The last decade has seen the swift (and some would say surprising) rise of the E-Sports industry with global revenue increasing to 1 billion dollars in 2019.
Media rights, ticket sales and merchandise make up a large chunk of this income, while almost half of it is brought in by sponsorship deals. Many organisations have jumped onto the ever-growing E-Sports bandwagon, with US colleges now offering E-Sport scholarships and establishing E-Sport teams (which can make their universities millions from participating in gaming tournaments). In addition, the IMG Academy, a prominent school for traditional sport athletes, has established an E-Sport training program. Clearly, the world of E-Sports is not disappearing any time soon.
Being an increasingly popular spectator sport, with a huge amount of fans attending gaming events or watching online, E-Sport organisations will be keen to ensure their star players are not tempted to jump ship. Just as in traditional sports, contracts with players will need to take account of a number of key points including whether a player will be tied to a team or competition. Equally, how a player is paid is important and, for example, whether this should be tied to streaming revenue, or prize money won. If playing in a team, how will the prize money be allocated between players? One will also need to address what rights players will have when it comes to entering into sponsorship deals with other brands. However, as crucial as these discussions are, the welfare of players must equally always be a priority, and codes of conducts (just as in traditional sports) may need to be drawn up by organisations to ensure this. Such codes will also assist with policing what players can and cannot post online - with online player presence already huge in the industry, players' social media usage will likely be a key concern for gaming organisations.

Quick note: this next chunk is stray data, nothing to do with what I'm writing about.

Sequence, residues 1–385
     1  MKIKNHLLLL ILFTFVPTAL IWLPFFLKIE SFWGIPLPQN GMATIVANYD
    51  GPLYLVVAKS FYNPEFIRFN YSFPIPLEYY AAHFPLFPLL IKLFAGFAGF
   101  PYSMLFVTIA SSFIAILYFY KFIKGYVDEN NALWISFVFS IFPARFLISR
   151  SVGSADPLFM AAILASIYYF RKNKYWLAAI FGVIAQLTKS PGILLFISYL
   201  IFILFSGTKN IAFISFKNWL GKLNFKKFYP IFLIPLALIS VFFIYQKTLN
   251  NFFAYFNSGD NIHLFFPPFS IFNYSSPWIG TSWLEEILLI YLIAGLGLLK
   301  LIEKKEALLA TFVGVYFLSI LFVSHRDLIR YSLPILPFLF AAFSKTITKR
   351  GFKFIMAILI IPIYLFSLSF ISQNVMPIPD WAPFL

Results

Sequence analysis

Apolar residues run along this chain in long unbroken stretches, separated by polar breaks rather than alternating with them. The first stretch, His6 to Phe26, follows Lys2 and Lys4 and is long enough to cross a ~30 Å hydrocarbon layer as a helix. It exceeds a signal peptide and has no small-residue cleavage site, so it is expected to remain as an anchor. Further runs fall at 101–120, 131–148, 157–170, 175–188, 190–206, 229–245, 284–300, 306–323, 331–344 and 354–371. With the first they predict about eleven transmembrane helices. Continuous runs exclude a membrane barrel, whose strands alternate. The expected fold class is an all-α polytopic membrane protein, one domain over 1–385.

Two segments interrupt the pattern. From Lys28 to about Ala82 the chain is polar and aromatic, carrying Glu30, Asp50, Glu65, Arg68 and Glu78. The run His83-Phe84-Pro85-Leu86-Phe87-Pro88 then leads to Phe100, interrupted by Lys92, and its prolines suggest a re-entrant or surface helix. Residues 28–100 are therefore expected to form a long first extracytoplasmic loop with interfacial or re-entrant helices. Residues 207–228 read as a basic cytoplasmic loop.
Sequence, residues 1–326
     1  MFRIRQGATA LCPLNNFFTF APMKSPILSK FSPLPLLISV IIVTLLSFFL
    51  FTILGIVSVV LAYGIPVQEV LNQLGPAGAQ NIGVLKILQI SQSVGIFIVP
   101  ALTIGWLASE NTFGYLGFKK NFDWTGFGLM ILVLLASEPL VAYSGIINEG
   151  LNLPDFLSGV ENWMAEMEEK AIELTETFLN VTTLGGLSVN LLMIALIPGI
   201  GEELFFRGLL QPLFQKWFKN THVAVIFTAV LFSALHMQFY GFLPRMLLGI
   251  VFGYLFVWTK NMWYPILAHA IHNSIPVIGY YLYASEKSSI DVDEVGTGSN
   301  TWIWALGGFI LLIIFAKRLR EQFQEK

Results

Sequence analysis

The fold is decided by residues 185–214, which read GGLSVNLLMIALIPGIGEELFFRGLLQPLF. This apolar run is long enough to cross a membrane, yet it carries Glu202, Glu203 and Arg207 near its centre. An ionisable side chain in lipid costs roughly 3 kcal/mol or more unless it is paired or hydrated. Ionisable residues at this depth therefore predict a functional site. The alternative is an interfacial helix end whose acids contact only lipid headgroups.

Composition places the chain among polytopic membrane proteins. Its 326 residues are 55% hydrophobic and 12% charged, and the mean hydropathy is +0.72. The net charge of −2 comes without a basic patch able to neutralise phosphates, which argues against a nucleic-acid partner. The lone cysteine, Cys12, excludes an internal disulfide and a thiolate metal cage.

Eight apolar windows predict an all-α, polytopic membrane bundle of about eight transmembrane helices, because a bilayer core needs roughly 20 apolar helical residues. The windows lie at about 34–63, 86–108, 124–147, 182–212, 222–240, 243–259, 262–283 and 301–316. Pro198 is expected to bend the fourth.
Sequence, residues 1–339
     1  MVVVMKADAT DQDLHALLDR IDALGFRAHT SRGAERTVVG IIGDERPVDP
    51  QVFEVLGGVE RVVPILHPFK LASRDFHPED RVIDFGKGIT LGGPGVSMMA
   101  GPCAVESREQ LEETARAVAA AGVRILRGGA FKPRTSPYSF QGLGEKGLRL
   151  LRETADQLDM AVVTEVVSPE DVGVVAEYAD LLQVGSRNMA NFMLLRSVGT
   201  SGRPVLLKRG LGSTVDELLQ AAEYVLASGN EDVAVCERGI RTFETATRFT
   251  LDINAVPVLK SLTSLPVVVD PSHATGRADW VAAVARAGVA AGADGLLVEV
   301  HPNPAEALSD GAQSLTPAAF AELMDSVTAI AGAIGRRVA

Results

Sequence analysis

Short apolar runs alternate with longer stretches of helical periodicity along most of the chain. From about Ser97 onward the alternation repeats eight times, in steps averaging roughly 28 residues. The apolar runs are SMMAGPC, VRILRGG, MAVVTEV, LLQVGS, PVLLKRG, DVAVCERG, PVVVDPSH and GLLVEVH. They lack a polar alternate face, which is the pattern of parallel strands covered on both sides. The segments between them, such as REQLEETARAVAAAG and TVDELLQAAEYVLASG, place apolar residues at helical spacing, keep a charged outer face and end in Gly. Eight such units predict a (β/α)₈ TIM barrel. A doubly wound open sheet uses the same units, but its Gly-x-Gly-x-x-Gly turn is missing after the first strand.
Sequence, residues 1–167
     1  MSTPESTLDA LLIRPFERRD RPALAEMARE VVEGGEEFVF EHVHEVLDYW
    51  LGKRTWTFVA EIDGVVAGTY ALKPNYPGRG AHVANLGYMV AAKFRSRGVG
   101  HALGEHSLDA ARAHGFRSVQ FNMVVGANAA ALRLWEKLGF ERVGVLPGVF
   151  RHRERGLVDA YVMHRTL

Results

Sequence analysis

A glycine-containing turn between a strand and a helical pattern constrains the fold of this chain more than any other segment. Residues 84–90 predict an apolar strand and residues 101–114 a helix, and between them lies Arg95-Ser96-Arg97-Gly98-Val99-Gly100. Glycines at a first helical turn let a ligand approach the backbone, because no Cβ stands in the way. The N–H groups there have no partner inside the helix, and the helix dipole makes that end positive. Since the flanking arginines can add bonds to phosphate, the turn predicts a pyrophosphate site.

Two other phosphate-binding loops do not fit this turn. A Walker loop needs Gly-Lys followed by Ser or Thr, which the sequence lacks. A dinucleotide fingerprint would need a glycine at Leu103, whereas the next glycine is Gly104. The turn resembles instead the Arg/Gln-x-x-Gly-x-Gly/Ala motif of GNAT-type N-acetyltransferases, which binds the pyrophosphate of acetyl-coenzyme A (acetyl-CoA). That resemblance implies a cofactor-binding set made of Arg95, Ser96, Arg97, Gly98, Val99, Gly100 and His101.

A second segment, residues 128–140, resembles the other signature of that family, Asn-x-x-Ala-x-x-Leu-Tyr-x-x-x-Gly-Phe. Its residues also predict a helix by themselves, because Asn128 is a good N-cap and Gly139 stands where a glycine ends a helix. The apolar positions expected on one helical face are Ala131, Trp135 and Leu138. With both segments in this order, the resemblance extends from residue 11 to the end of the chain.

Of course, with such fast-paced growth comes the issue of how the industry should (or can) be governed, and how its integrity can be preserved. Where an integrity issue presents itself in most traditional sports, there is an established structure to manage it, and cases can, should the need arise, be taken all the way up to the Court of Arbitration for Sport. Although there is work being done to resolve this, currently no such uniform structure exists in the world of E-sports, which leaves it open to the risk of corruption. This is a particular concern in regard to the betting market and match fixing, with the amount being gambled in E-sports competitions in many cases seriously outweighing the prize money at stake. Although these concerns are being addressed, the industry still has a long way to go before its governance and administration catches up with that of traditional sports.
For more information on any of the points mentioned above, please get in touch with the our Sports Group by clicking here